[3] “Lithium Fluoride Thorium Reactors” by Robert Hargraves and Ralph Moir, in American Scientist July-August 2010; URL: https://www.americanscientist.org/article/liquid-fluoride-thorium-reactors

    1. @Chris Aoki

      I can’t speak for the SF area science museums, but I recall a visit to Tampa’s Museum of Science and Industry (MOSI) when my children were young.

      There was an extensive display about electricity and electricity generation complete with stations where one could assemble various electricity circuits, Van Der Graff generators, and some great photos of power plants. Wind, solar, gas, coal, geothermal and even tidal were mentioned as sources or potential sources of power. Even though there used to be a nuclear unit about 1.5 hours north of Tampa at Crystal River, there wasn’t a single mention of the word nuclear in the entire exhibit.

      Tampa Electric Company (TECO) was the exhibit sponsor. At the time, TECO generated about 90% of its electricity by burning coal, with the rest being gas speakers. (This was in the early 1990s.)

  4. Wow! What a biased description given about fission power. The choice of words was negatively excellent while being just at the edge of going over the top.

    It was a grudging acknowledgement that nuclear fission exists. It was like the author was forced to mention it and it held the same smell for him as removing week old garbage that has been under a hot sun. As odd as it sounds, I think it’s an improvement over most. I’ve seen many pieces that rave about renewable energy with not a mouse peep mentioned about the power source that provides almost 20 percent of the US electricity.

    Is the reluctant acknowledgement a hidden expression of ignorance or is it real disdain for nuclear fission? Yet, nuclear fusion is often touted as a panacea for the world’s energy problems when a real example of an operating facility has yet to exist. We really don’t know all the waste by products of these envisioned facilities.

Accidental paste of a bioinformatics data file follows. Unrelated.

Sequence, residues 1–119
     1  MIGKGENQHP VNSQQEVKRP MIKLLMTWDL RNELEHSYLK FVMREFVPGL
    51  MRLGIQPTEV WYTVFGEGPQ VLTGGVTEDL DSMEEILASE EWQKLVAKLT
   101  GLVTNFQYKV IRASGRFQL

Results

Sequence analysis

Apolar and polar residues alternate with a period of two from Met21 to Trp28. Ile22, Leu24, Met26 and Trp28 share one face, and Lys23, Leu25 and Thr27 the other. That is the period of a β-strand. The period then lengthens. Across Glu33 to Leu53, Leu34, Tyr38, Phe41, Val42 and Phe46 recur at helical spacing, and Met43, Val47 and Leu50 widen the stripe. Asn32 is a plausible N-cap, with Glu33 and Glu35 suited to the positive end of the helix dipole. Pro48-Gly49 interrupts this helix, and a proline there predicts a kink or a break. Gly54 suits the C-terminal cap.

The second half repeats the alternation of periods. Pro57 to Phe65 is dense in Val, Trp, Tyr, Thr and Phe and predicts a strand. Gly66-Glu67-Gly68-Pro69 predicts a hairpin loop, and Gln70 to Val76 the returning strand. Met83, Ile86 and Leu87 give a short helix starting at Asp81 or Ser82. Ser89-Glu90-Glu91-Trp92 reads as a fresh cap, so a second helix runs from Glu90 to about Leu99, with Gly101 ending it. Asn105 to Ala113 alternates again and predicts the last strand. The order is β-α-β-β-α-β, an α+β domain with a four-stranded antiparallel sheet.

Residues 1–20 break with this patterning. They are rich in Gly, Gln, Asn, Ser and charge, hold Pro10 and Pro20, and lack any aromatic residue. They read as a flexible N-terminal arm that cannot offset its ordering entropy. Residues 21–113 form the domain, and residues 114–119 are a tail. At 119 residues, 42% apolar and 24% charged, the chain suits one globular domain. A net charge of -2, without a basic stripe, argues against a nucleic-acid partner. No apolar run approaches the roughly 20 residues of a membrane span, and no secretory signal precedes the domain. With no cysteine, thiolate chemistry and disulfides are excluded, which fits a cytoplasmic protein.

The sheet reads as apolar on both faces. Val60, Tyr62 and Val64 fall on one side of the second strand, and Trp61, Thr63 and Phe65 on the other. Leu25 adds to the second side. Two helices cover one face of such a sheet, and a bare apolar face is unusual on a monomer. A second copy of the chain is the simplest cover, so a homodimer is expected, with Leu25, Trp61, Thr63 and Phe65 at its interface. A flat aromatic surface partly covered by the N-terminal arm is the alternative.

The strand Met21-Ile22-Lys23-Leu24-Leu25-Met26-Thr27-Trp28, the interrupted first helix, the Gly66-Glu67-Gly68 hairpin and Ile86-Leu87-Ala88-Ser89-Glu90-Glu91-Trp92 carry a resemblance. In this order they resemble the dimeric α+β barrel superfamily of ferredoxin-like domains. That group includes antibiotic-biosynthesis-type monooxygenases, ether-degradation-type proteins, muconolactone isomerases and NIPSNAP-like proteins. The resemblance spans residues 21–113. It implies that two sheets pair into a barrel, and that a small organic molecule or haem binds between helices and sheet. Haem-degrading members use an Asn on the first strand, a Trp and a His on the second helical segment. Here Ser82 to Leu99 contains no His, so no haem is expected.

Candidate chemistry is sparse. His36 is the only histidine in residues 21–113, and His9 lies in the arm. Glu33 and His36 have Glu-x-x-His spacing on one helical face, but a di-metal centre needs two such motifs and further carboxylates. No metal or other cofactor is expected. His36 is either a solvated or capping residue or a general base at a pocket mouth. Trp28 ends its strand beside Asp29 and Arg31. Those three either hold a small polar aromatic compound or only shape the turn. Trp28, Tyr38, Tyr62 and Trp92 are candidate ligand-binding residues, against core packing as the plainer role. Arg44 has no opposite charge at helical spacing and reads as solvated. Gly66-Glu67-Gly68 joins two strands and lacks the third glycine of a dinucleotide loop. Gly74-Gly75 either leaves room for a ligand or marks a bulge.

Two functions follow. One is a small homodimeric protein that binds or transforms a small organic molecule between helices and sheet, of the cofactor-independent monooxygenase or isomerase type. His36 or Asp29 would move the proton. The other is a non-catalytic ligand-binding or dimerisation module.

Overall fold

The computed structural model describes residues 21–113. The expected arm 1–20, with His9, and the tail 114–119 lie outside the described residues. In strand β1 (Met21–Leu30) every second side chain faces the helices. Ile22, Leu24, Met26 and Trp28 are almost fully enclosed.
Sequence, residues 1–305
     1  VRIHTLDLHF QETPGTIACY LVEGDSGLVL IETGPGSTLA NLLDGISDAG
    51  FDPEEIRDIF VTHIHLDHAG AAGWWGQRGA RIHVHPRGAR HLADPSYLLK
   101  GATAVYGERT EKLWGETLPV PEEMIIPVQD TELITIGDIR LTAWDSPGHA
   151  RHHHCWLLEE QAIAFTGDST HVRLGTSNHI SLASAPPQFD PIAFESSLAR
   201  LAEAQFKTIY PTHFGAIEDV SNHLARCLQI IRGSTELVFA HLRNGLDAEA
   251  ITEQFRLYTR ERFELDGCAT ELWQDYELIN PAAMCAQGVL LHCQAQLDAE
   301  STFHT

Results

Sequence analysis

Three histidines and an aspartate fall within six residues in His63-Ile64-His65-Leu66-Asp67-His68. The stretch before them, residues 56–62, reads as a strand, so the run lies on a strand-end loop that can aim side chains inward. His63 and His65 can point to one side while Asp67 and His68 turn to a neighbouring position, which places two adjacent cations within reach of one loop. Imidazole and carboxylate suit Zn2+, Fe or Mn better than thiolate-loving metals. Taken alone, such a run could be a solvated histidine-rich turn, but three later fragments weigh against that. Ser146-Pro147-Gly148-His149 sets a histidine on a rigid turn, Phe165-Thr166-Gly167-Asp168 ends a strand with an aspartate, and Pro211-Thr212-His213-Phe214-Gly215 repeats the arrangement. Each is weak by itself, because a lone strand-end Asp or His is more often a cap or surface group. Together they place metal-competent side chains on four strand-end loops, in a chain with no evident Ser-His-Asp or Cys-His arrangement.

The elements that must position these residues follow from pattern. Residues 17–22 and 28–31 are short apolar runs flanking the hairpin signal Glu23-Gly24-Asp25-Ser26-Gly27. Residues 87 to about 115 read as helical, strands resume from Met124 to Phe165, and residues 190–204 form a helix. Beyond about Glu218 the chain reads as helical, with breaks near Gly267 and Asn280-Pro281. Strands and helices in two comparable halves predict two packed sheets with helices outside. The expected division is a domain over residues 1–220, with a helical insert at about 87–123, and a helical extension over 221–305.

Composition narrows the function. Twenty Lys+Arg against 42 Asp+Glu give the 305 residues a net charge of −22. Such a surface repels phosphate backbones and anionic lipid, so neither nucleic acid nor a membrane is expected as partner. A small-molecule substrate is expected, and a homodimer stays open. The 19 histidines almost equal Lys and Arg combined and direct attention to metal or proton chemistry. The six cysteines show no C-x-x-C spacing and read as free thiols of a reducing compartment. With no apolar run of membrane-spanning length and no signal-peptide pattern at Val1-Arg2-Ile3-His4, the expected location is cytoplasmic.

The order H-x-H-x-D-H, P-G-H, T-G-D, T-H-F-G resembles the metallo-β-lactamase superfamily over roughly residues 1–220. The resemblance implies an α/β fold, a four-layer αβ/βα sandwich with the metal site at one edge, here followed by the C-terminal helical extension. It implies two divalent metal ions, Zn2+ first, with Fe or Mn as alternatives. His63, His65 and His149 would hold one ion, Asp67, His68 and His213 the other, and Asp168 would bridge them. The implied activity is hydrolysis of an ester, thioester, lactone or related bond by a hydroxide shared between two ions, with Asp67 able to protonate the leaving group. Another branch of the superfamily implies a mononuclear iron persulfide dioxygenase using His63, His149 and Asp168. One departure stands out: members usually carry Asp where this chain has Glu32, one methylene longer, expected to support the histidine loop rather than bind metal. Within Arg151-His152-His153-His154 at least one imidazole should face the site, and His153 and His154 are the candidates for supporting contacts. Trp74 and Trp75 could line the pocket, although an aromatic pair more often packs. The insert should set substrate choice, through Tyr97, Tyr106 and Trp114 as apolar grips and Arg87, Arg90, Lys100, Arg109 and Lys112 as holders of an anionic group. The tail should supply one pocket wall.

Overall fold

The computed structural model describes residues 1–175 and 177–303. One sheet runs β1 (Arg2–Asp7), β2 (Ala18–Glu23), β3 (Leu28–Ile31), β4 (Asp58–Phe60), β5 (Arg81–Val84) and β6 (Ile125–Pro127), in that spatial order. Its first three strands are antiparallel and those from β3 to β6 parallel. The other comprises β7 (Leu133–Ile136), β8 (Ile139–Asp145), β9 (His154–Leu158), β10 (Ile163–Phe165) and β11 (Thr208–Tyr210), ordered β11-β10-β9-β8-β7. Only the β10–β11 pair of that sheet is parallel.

The US will, no doubt, be building more nuclear plants. However, many will be dragged kicking and screaming along that future energy path.

  5. With regards natural draft cooling towers being indelibly associated with nukes, I think you can thank “The Simpsons” for that. The geothermal station at Ohaaki, New Zealand has one. More than a few tourists have complained that we can’t have a nuclear free status because they have seen the Ohaaki tower. When quizzed, they reference Homer.
    Though technically, I suppose one can claim geothermal stations are nukes. The radioactivity in the earth produces a lot of the heat.

    1. Jim

      Thanks for asking. I had the same question yesterday but have not yet found an answer. I’ll keep trying and will respond here if I find anything.


      1. South Texas unit 1 seems to have ramped back up. About 400MW early this morning (sometime after 1 AM when I checked) and looks like they are almost full power as I checked a few minutes ago (12:34 PM EST).

        ERCOT nuclear fuel mix (output) shows over 4900MW today versus about 3700MW each day for the previous week.